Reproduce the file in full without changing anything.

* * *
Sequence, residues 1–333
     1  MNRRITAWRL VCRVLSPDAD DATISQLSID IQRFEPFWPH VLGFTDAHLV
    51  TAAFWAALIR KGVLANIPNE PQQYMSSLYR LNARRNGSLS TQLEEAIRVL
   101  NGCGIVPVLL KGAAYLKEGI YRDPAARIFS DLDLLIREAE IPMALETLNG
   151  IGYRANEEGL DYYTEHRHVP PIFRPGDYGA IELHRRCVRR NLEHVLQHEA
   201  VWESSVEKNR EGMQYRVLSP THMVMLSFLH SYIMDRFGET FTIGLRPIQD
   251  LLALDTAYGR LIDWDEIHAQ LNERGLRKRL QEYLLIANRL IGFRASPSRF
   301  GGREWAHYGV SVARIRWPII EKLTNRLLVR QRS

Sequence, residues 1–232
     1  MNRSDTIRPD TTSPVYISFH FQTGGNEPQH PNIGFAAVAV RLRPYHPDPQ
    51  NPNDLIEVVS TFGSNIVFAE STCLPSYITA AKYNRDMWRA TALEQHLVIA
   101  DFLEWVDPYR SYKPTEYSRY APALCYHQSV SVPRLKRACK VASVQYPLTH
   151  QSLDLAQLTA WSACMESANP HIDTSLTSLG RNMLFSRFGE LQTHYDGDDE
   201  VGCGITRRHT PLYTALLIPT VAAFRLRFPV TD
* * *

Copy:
Sequence, residues 1–333
     1  MNRRITAWRL VCRVLSPDAD DATISQLSID IQRFEPFWPH VLGFTDAHLV
    51  TAAFWAALIR KGVLANIPNE PQQYMSSLYR LNARRNGSLS TQLEEAIRVL
   101  NGCGIVPVLL KGAAYLKEGI YRDPAARIFS DLDLLIREAE IPMALETLNG
   151  IGYRANEEGL DYYTEHRHVP PIFRPGDYGA IELHRRCVRR NLEHVLQHEA
   201  VWESSVEKNR EGMQYRVLSP THMVMLSFLH SYIMDRFGET FTIGLRPIQD
   251  LLALDTAYGR LIDWDEIHAQ LNERGLRKRL QEYLLIANRL IGFRASPSRF
   301  GGREWAHYGV SVARIRWPII EKLTNRLLVR QRS

Sequence, residues 1–232
     1  MNRSDTIRPD TTSPVYISFH FQTGGNEPQH PNIGFAAVAV RLRPYHPDPQ
    51  NPNDLIEVVS TFGSNIVFAE STCLPSYITA AKYNRDMWRA TALEQHLVIA
   101  DFLEWVDPYR SYKPTEYSRY APALCYHQSV SVPRLKRACK VASVQYPLTH
   151  QSLDLAQLTA WSACMESANP HIDTSLTSLG RNMLFSRFGE LQTHYDGDDE
   201  VGCGITRRHT PLYTALLIPT VAAFRLRFPV TD